Mayo Clinic Molecular Biology Core is partnering with GENEWIZ for Sanger Sequencing. This partnership provides:
- Next business day turnaround time
- Expert technical support
- Convenience, including on-site drop boxes and free sample shipping
- Preferred pricing
To order, create a GENEWIZ account or select Register on the GENEWIZ home page.
During registration, use PI/Institution ID# 315588 for new user accounts. Existing users may use the existing PI/Institution ID assigned to other researchers in the lab.
For the billing address, use:
- Mayo Foundation
- Accounts Payable, Dept. 10000
200 First St. SW
Rochester, MN 55905
For optimal sequencing results, please prepare samples according to the Sample Submission Guidelines. The results will be available the following business day.
GENEWIZ drop box locations:
- Molecular Biology Core, Stabile Building, Room 13-21
- Guggenheim Building, Room 16-18
- Gonda Building, 19th Floor, Room 306
- Mayo Clinic Florida – Griffin Building, Room 341A, 3 p.m. (notify lab member)
- Mayo Clinic Scottsdale, Arizona – TBD
Note: Cut-off time for samples is 4 p.m. for all Rochester drop boxes.
To request additional drop boxes or for pricing information, contact:
Next-generation sequencing is the process of sequencing DNA or RNA by producing millions of sequence reads in a massively parallel manner. Also known as deep sequencing, next-generation sequencing allows for the sequencing of the entire genome, exome or transcriptome. This makes it possible to identify complex genetic differences that may cause disease or help diagnose and treat disease.
- Consultations. A free-of-charge consultation is required before submitting a service request for next-generation sequencing. The consultation will include discussion of experimental design, sample requirements, submission procedures, costs and data analysis requirements.
- Results. Next-generation sequencing produces much larger data sets than does Sanger sequencing. Results are delivered as FASTQ or BAM files to the next-generation sequencing data delivery server. While investigators can perform their own downstream analysis, they are encouraged to work with the Mayo Clinic Bioinformatics Core due to the size and complexity of the data. The Molecular Biology Core and Bioinformatics Core have integrated work flows to take advantage of the various analytical pipelines developed by the Bioinformatics Core.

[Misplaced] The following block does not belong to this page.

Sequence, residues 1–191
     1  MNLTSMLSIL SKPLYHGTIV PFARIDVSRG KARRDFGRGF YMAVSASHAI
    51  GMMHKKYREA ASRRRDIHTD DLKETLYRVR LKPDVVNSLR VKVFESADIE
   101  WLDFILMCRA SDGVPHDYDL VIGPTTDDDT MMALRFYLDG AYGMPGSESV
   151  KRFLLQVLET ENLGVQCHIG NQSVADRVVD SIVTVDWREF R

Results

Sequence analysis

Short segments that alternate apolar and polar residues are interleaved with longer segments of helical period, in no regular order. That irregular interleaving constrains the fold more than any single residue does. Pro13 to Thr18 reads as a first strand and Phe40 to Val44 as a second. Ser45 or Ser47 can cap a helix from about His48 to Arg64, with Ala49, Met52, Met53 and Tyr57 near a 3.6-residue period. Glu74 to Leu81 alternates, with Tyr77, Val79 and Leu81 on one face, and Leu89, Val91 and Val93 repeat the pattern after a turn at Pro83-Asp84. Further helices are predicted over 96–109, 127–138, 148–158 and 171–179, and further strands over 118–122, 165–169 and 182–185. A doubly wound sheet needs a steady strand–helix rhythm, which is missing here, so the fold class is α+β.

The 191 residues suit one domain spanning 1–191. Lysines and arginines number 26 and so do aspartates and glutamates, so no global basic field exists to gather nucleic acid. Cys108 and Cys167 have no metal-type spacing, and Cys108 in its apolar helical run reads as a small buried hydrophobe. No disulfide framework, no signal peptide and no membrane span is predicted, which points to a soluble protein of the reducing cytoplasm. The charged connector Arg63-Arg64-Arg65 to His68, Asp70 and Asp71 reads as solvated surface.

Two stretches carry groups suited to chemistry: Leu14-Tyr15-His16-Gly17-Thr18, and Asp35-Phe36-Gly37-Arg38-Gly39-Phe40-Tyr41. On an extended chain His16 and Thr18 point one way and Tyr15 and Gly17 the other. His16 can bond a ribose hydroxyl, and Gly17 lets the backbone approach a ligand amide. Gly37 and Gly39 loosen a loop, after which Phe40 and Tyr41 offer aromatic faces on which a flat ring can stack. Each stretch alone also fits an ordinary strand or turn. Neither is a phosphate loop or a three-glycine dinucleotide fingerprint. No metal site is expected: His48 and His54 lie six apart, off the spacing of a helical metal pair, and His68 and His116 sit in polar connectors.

- Applications. Applications of next-generation sequencing include:
- De novo sequencing. De novo sequencing is the process of sequencing unknown genomes or transcriptomes. It may require a combination of several applications, including Sanger sequencing and short- and long-read next-generation sequencing.
- Whole-genome sequencing. Whole-genome sequencing is the process of sequencing genomes that have a known reference sequence to identify differences and changes in an individual's genomic makeup.
- Mate pair sequencing. Mate pair sequencing involves sequencing the ends of long fragments (2 to 5 kilobases) of DNA to identify large structural rearrangements or indels.
- Targeted resequencing. Targeted resequencing, which includes whole-exome capture, custom capture and amplicon sequencing, refers to the process of sequencing a subset of a known genome in an effort to identify single-nucleotide polymorphisms (SNPs).
- ChIP sequencing (ChIP-seq). ChIP-seq is sequencing in combination with chromatin immunoprecipitation to identify protein-DNA interactions that can affect gene expression.
- Methyl sequencing (methyl-seq). Methyl-seq is sequencing in combination with bisulfite conversion to identify methylation patterns of genomic regions that can affect gene expression.
- Whole-transcriptome sequencing. Whole-transcriptome sequencing, also known as RNA sequencing (RNA-seq), is the process of sequencing expressed genes in the genome. It can also identify splice variants, gene fusions and mutations.
- MicroRNA sequencing (miRNA-seq). MiRNA sequencing targets the various miRNAs expressed in the cell that can control RNA translation by translational repression, target degradation and gene silencing.